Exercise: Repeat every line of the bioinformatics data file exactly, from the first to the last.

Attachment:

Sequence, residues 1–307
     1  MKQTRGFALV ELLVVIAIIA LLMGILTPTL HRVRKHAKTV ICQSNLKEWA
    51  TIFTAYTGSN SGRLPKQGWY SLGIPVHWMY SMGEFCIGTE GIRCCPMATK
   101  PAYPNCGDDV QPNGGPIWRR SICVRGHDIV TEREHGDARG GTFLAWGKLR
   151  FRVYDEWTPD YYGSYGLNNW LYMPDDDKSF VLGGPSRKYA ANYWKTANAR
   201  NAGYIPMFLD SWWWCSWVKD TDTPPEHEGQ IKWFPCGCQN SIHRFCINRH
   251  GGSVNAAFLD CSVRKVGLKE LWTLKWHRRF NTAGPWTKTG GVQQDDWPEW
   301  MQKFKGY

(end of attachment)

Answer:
Sequence, residues 1–307
     1  MKQTRGFALV ELLVVIAIIA LLMGILTPTL HRVRKHAKTV ICQSNLKEWA
    51  TIFTAYTGSN SGRLPKQGWY SLGIPVHWMY SMGEFCIGTE GIRCCPMATK
   101  PAYPNCGDDV QPNGGPIWRR SICVRGHDIV TEREHGDARG GTFLAWGKLR
   151  FRVYDEWTPD YYGSYGLNNW LYMPDDDKSF VLGGPSRKYA ANYWKTANAR
   201  NAGYIPMFLD SWWWCSWVKD TDTPPEHEGQ IKWFPCGCQN SIHRFCINRH
   251  GGSVNAAFLD CSVRKVGLKE LWTLKWHRRF NTAGPWTKTG GVQQDDWPEW
   301  MQKFKGY